IT&CMA: Impact is in!

Thursday, 08.10.2009
(Dis)quiet? One thing is certain: For the next three years IT&CMA (Incentive Travel & Conventions, Meetings Asia) and the co-inciding CTW (Corporate Travel World) will remain at Bangkok Convention Centre. It is also certain that the Director of Meetings & Incentives of Thailand Convention and Exhibition Bureau (TCEP) Malinee Kitaphanich will be leaving in late […]

(Dis)quiet? One thing is certain: For the next three years IT&CMA (Incentive Travel & Conventions, Meetings Asia) and the co-inciding CTW (Corporate Travel World) will remain at Bangkok Convention Centre. It is also certain that the Director of Meetings & Incentives of Thailand Convention and Exhibition Bureau (TCEP) Malinee Kitaphanich will be leaving in late October 2009 – however, her successor is as yet uncertain. It is also uncertain when Asia will recover from the financial crisis and Hong Kong will be back among the 265 exhibitors from 33 countries this year (2008: 305).

However, the crisis was rarely mentioned. And the only remnants of last year’s civil unrest were the tighter security measures at the entrances. “It cost us 15 per cent less MICE visitors in 2009,” says Kitaphanich looking ahead, “2010 looks much brighter.” For 2011 to 2013 the venue has already received bookings for 24 international conventions with 500 to 3,000 attendees. “We have launched three new initiatives to boost the market,” she explains.

Until September 2010 Thailand will provide around 900,000 US dollars to subsidise international meetings and incentives. One of the beneficiaries is the Habitat for Community and Unicity congress which will attract 20,000 delegates. The TCEB expects a gain of 50,000 attendees. Nancy Tan, CEO of Ace:daytons Direct Singapore, is happy about this support and would like it to continue, even if first signs of a recovery are already visible: “This is definitely not the right time to stop.”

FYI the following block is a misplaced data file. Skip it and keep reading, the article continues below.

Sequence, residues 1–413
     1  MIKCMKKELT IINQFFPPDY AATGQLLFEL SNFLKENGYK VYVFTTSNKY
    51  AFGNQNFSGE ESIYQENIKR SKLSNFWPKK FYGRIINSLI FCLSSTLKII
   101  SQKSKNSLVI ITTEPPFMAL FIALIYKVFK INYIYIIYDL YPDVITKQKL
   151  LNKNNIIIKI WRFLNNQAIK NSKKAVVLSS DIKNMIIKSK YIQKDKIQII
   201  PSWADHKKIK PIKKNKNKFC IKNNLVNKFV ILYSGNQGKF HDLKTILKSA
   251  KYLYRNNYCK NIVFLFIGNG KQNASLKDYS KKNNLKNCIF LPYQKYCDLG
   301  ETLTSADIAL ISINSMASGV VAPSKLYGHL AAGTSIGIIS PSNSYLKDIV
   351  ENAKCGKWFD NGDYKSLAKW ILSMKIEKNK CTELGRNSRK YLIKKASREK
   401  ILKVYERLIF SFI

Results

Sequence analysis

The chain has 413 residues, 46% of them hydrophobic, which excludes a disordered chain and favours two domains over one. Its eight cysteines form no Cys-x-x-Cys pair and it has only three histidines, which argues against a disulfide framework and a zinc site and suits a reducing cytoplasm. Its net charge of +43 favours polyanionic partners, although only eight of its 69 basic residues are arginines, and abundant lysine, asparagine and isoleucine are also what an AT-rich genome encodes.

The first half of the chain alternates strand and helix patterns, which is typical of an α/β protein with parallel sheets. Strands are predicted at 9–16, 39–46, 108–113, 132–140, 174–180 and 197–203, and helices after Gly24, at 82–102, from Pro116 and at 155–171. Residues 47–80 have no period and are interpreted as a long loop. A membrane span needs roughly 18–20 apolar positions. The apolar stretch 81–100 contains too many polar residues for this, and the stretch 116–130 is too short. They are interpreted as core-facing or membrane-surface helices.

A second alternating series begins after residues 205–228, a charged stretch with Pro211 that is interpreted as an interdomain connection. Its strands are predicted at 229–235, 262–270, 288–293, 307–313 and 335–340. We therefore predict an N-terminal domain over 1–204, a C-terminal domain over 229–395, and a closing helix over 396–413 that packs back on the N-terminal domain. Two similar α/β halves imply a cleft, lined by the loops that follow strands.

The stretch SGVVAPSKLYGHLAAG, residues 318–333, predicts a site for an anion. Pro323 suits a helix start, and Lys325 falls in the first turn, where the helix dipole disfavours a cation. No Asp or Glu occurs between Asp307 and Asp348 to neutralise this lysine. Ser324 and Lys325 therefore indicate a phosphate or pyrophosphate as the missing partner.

For David Hughes, CEO of Incentives and Conventions International New Zealand, this sponsoring is just a small factor for the decision, since “the most important thing is, the destination must fit the objective. Besides, nobody can beat Thailand in terms of rates and attractions.”

Thanks to Bangkok’s pulling power the twin fairs have posted a slight gain of 138 visitors, 2,200 pre-registered attendees, with 435 hosted buyers including a large delegation from India and around 40 journalists. “The business atmosphere here is much better,” reports exhibitor Tai Lee Fen of Kuala Lumpur Convention Centre at the Malaysia stand. “After the leisure destination Pattaya at my last show in 2005, this is much better. In Bangkok we have much more exposure.” Tai Lee is going home happy, although she can take no real leads with her she has some potential ones.

Juan Carlos Beneyto, who represents Madrid at the Turespana stand right next to Barcelona, sounds much the same: “I am going to write eight offers, mostly small incentive groups for three or four days.” The contact for companies and incentive organisers at Madrid Convention Bureau raves about the good organisation of the fair and interest of the buyers, especially compared to the US Motivation Show and Confex London.

Indeed the stands and aisles were buzzing, due not least to a tight dating system. You have to make 25 dates, otherwise the deposit will stay put. No problem for the 40-strong buyer group from India. Some even complained about “too few exhibitors for too many buyers.” Most Indians, including Sekar Sankaran, VP Travel Services of Wipro Mumbai, are seeking low-priced offers. Sankaran is still looking for venues for two events at the start of the year. “We are open to any destination but we would like to meet as many tour operators as possible, especially those of exotic places, to see whether they can work within our budget.“